Kayleen Reusser is a lifelong resident of northeast Indiana and loves to write about her home state to excite others about its treasures. She has written 11 children’s books and had stories published in Chicken Soup, Fort Wayne News-Sentinel, Bluffton News-Banner.
I love the Johnny Appleseed Festival for so many reasons. I have attended at least 20 times during my lifetime so I can give an educated evaluation for my affection for this huge event in my hometown.
One, the festival is located in the Johnny Appleseed Park, located behind the Allen County War Memorial Coliseum on Coliseum Blvd in Fort Wayne. I love the fact that the festival takes place in an outdoor area with grass. I miss grass, living in the city as I do. I grew up in the country and appreciate being outside, eating homegrown food and creating my own fun.
Second, I love the food at the Johnny Appleseed Festival. If you remember, the festival’s namesake planted apple trees so settlers would have food to eat for generations to come. Everywhere you look (and smell) there are apple delights – fritters, dumplings, cake, pie, tarts. The smells are out of this world!
Third, I love the sounds of the festival. At nearly any time during the two-day event, you can hear fifes, bagpipes, cannons, cloggers, drums, orators (Abraham Lincoln may be the most well-known) and more. Military encampments among the festival grounds often feature groups that play their musical instruments for audiences. Bagpipe players are so solemn and reverential that I always stop to listen as they gather in a circle to play tunes. My favorite bagpipe song is Amazing Grace.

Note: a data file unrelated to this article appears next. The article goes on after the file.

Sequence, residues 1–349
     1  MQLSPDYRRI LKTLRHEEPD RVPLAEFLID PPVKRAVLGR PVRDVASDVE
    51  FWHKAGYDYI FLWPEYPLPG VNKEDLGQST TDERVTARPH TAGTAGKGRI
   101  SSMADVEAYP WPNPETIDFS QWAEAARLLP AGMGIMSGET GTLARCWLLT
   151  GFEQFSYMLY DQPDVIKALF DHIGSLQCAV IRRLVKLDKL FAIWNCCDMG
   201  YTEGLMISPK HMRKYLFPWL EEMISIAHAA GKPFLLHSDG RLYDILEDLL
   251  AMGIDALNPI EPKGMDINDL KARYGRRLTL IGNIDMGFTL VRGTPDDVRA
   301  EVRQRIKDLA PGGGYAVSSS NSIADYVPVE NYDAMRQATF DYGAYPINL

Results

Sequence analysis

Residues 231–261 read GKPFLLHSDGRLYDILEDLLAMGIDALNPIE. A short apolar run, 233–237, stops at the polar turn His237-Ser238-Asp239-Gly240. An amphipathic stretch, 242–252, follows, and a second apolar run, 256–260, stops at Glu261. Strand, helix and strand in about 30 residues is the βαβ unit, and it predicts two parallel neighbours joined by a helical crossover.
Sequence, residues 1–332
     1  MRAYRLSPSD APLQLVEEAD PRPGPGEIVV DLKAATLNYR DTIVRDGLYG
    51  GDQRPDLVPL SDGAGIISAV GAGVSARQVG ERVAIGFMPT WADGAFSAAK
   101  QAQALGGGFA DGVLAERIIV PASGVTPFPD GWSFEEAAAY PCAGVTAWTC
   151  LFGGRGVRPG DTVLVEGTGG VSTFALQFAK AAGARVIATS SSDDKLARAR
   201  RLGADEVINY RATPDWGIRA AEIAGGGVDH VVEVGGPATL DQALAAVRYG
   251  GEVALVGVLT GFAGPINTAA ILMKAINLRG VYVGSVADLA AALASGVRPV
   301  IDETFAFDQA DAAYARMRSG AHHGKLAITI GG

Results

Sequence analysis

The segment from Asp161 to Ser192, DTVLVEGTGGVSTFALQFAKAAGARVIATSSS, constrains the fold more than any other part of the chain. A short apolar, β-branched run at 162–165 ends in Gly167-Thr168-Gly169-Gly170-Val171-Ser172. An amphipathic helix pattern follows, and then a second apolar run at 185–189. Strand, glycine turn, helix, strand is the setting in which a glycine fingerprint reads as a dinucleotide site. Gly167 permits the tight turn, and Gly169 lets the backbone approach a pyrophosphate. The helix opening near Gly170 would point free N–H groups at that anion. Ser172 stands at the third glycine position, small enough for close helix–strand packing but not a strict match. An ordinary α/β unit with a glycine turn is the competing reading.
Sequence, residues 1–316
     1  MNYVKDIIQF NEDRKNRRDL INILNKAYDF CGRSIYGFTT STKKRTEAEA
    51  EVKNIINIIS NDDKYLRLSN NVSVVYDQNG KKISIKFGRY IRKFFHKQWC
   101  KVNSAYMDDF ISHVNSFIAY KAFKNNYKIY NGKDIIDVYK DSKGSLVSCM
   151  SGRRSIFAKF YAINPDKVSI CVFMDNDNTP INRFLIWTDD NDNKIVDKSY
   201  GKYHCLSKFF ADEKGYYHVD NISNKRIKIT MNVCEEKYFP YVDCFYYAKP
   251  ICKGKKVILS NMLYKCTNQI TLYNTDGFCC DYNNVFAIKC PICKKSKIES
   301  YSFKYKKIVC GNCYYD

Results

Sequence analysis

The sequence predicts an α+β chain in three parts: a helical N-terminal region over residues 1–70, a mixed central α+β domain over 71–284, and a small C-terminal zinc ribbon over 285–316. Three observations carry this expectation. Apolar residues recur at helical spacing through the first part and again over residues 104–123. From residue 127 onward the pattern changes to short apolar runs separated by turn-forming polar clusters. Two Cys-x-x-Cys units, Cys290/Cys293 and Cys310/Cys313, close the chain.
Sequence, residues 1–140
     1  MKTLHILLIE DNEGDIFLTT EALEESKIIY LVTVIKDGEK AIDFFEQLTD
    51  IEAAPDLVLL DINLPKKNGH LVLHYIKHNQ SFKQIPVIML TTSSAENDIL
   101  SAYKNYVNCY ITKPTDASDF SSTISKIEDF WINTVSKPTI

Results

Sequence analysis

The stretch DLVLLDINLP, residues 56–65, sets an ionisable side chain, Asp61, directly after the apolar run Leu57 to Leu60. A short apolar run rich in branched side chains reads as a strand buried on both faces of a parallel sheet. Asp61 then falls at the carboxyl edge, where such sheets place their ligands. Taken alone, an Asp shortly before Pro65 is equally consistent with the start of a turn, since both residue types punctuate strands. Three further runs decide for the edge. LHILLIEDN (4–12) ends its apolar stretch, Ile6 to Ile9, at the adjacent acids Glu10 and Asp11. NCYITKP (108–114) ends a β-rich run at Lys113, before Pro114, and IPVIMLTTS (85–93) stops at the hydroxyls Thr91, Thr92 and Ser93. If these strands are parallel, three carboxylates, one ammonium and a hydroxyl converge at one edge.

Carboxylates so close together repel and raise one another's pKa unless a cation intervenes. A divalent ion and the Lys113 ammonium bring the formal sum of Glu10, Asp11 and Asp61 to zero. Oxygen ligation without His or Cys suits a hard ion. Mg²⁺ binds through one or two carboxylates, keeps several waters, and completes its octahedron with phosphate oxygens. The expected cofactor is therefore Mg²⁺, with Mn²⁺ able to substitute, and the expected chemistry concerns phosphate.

Fourth, I love the festival’s costumes. Re-enactors dress in long skirts or wool pants, reflecting the styles and cloth used in Johnny’s time period. This is true, despite the fact that there are often warm temperatures during the festival. The uniforms, usually red, white and blue to resemble our country’s early militia, are especially eye-catching.
Though less flamboyant, trappers dressed in brown leggings look like Daniel Boone wannabes as they explain their daily tasks and challenges of living in the late 1700s. This is when Johnny supposedly walked from the country’s east coast westward, finally stopping in Fort Wayne which became his final resting place. His grave is in the park so a visit to his grave is a good teachable historical moment for families.
Finally, I like the festival because it is free! The only cost is for food and souvenirs. If you missed this year’s festival, put it on your calendar to attend next year – third weekend of September. Until then, eat an apple in honor of Johnny.